ASH WEDNESDAY – BEGINNING OF LENT
What is Lent? When in history did Lent begin? Why are there 40 days for Lent? These are questions I have always wondered about every time I get the black ashes put on my forehead on Ash Wednesday.
In Jerusalem, people fasted for 40 days and in Rome I have read that people fasted for six weeks, which came about to be 40 days before Easter. After a little research, the number 40 goes back to Moses who was in the presence of the Lord for 40 days. (Ex 34:28) Then there is Elijah mentioned in Exodus 34:28. Jesus prayed and fasted for 40 days in the desert. (Mathew 4:2)
The liturgical season of forty days begins with Ash Wednesday and ends with the celebration of the Paschal Mystery (Easter Triduum). Lent is the primary penitential season in the Church’s liturgical year, reflecting the forty days Jesus spent in the desert in fasting and prayer (You can read from the Catechism, #540, 1095, 1438).”
Fasting from those little things like anger, being unkind to others, or jealousy, or misuse of God’s gifts, are worth thinking about. Most of all let us give thanks for the many blessings that God gives us, even those that we don’t understand but accept with His grace. We continue to pray for you and your families. God bless you. SK
Fifth Sunday in Ordinary Time: Is 6:1-2A,3-8 • Ps 138:1-2,2-3,4-5,7-9 • 1 COR 15:1-11 • LK 5:1-11
In the Gospel we read, “Do not be afraid; from now on you will be catching men.” When they brought their boats to the shore,
they left everything and followed him.
We are all called to vocation and with the grace of God, we do it. There are only three vocations: SIngle life, Married life and Religious life. May we encourage the youth of today to respect these choices.
Prayer for Vocations: God, Our Father, Thank you for your son, Jesus, our Good Shepherd, who leads us to fullness of life. By our baptism, we are called by name to continue the mission of Jesus. Give us the grace to listen with an open heart to the voice of Jesus and to respond generously with a joyful spirit. Strengthen the men and women you called to serve through marriage, the single life, the diaconate, priesthood, and consecrated life. Guide all who are discerning their Christian vocation. In gratitude we offer this prayer through Jesus and the Holy Spirit, united with you forever. Amen.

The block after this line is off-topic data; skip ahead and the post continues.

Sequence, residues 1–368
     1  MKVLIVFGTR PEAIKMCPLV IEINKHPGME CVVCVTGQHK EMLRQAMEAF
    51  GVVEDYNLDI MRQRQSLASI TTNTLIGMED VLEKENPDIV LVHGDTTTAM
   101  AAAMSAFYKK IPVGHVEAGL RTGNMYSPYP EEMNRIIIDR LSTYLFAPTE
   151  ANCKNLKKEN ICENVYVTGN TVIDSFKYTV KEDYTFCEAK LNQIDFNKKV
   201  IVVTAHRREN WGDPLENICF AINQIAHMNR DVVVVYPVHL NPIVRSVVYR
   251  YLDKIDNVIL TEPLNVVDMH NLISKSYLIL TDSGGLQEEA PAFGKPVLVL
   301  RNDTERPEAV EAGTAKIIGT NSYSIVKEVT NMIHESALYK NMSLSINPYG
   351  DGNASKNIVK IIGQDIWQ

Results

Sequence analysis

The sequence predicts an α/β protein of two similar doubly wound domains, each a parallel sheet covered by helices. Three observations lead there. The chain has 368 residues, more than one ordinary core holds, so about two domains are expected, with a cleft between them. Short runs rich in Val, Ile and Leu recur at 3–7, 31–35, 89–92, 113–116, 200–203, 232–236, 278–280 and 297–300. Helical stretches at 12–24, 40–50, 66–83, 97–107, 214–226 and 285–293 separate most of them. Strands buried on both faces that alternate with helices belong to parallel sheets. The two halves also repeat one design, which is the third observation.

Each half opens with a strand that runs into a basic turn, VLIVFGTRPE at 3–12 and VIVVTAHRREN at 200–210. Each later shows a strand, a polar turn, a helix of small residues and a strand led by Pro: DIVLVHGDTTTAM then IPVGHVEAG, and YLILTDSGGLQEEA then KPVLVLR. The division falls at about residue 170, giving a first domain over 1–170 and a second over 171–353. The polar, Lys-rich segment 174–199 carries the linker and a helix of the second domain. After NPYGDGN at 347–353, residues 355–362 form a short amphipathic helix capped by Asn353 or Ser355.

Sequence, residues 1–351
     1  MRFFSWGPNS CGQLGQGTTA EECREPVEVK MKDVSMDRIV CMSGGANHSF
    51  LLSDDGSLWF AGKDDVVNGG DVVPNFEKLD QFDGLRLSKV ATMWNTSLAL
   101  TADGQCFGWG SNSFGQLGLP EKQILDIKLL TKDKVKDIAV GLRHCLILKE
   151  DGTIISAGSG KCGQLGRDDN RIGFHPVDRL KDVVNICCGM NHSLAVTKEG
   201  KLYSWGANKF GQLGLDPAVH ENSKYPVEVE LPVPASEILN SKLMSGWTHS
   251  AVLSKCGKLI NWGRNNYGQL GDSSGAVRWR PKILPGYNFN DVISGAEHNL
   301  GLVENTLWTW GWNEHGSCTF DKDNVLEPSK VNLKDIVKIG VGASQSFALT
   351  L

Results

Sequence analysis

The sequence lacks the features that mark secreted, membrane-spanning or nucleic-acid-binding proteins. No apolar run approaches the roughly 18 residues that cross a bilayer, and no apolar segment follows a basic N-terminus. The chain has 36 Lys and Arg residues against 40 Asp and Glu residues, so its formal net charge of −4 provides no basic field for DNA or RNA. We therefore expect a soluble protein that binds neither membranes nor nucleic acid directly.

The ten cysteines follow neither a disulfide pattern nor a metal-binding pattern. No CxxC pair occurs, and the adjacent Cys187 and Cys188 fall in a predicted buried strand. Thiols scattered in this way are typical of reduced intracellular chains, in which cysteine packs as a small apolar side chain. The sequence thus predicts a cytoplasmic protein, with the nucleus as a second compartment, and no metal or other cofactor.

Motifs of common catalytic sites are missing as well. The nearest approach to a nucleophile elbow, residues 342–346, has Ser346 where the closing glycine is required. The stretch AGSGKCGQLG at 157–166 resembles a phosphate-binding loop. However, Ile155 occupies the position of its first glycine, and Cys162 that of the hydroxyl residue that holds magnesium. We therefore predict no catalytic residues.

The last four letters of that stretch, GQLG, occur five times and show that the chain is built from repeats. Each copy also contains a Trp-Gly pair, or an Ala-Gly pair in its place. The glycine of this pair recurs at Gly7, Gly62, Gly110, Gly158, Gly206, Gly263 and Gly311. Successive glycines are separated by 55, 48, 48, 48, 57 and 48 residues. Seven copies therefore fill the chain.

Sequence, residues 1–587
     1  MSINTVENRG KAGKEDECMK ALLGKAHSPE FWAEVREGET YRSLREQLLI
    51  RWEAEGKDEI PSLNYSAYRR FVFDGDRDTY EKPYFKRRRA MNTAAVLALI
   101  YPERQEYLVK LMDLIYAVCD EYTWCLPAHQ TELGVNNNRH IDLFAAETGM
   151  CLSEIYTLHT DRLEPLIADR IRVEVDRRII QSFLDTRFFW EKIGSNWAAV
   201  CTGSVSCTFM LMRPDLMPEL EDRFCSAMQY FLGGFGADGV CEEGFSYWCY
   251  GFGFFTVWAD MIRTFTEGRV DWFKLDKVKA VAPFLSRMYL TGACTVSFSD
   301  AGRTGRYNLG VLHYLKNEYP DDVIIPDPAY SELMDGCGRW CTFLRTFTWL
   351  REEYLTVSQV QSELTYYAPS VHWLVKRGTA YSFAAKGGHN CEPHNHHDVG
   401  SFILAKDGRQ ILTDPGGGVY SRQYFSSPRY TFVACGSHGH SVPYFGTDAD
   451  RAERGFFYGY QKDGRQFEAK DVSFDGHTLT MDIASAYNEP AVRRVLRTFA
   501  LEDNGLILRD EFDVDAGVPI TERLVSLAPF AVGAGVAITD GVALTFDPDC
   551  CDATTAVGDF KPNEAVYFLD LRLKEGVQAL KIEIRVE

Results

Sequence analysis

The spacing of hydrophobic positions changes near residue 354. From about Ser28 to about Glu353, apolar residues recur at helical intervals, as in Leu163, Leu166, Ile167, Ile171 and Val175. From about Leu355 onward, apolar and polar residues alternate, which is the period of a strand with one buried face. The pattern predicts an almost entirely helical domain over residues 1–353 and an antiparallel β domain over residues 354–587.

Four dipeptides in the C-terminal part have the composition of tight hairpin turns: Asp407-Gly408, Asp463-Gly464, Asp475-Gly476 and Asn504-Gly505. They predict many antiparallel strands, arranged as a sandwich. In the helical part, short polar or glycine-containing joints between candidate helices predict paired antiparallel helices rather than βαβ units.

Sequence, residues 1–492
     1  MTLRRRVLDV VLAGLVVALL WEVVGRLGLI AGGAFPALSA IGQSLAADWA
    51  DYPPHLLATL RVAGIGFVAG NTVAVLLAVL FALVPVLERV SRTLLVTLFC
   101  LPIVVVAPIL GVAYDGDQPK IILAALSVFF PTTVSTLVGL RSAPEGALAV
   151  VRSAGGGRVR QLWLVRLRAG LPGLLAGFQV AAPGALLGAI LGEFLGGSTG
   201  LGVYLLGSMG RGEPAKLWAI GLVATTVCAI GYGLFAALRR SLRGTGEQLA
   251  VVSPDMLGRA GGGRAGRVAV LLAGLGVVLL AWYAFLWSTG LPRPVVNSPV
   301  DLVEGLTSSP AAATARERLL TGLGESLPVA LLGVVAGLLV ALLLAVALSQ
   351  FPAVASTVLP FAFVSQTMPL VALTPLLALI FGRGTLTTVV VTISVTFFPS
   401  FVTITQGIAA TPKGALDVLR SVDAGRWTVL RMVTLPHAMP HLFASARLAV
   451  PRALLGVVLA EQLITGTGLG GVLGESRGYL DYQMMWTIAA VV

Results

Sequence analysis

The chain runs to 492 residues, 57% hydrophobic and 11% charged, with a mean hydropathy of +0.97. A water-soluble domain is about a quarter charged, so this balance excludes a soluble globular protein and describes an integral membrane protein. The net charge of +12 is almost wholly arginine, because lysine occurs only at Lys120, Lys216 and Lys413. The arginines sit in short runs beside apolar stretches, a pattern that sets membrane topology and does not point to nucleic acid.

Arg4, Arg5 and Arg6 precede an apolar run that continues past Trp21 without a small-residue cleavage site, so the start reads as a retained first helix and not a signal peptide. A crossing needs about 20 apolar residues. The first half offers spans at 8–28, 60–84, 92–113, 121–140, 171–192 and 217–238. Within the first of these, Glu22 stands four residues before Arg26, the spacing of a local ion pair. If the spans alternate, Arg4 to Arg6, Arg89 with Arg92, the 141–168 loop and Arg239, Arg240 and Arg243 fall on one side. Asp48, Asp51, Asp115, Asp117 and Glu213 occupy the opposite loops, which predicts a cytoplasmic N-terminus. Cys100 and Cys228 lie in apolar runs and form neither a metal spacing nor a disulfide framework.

From the Bishop: Opening the Door to the Year of Mercy
“Dear Brothers and Sisters in Christ,
On December 8, the Feast of the Immaculate Conception, Pope Francis formally began the Extraordinary Jubilee of Mercy when he opened the Holy Door at the Basilica of St. John Lateran in Rome. Following his example, cathedrals and churches across the world opened their own Holy Doors. On December 13, I opened a special Holy Door at the Cathedral of the Sacred Heart in Gallup, New Mexico.
In the Scriptures, we are reminded again and again of the infinite compassion of God, who is rich in mercy. It is appropriate that the beginning of the “Year of Mercy” falls during Advent, the season in which we celebrate Christ humbling Himself to live among us. There is no greater display of God’s love than Christ, the living manifestation of the Father’s face of mercy. The words and deeds of Christ are continually at work in the Church through the gifts and guidance of the Holy Spirit.
The opening of a door is a physical reminder of God’s call to grace. As Pope Francis stated in his opening remarks: “This Extraordinary Holy Year is itself a gift of grace. To pass through the Holy Door means to rediscover the infinite mercy of the Father who welcomes everyone and goes out personally to encounter each of them.” It also shows that we recognize Christ as the sole door through which we enter salvation and the one way that leads to the Father. We must not be afraid to seek an encounter with Christ, and in doing so open ourselves to the gift of His infinite grace and compassion.
This Year of Mercy does not mean that Christ is suddenly more receptive to us than before. He has always loved us and desired us to know, love, and serve Him. Rather, this year is meant to stand in stark contrast to violence and evils committed by human beings which at times can be overwhelming. We must remember that Jesus Christ is the same yesterday, today, and forever (Heb 13:8). This is the ongoing pilgrimage of the Church: to move always toward Christ. What better way for a fallen world to make that pilgrimage than through a door, a symbol of hope, of grace, and of mercy.
In Christ, Bishop James S. Wall” (from “Voice of the Southwest,” December 15, 2015)
Featured in the Voice of the Southwest, News for the Catholic Diocese of Gallup. Click on December 1, 2015.
MISSION STATEMENT – The Monastery of Our Lady of the Desert is a monastic community of women in the Benedictine tradition. We profess vows of stability, conversion of life and obedience. Our primary mission is to seek God through a life of prayer, silence and solitude. Our way of life frees us to give glory and praise to God, intercede through prayer for the needs of the world and hospitality.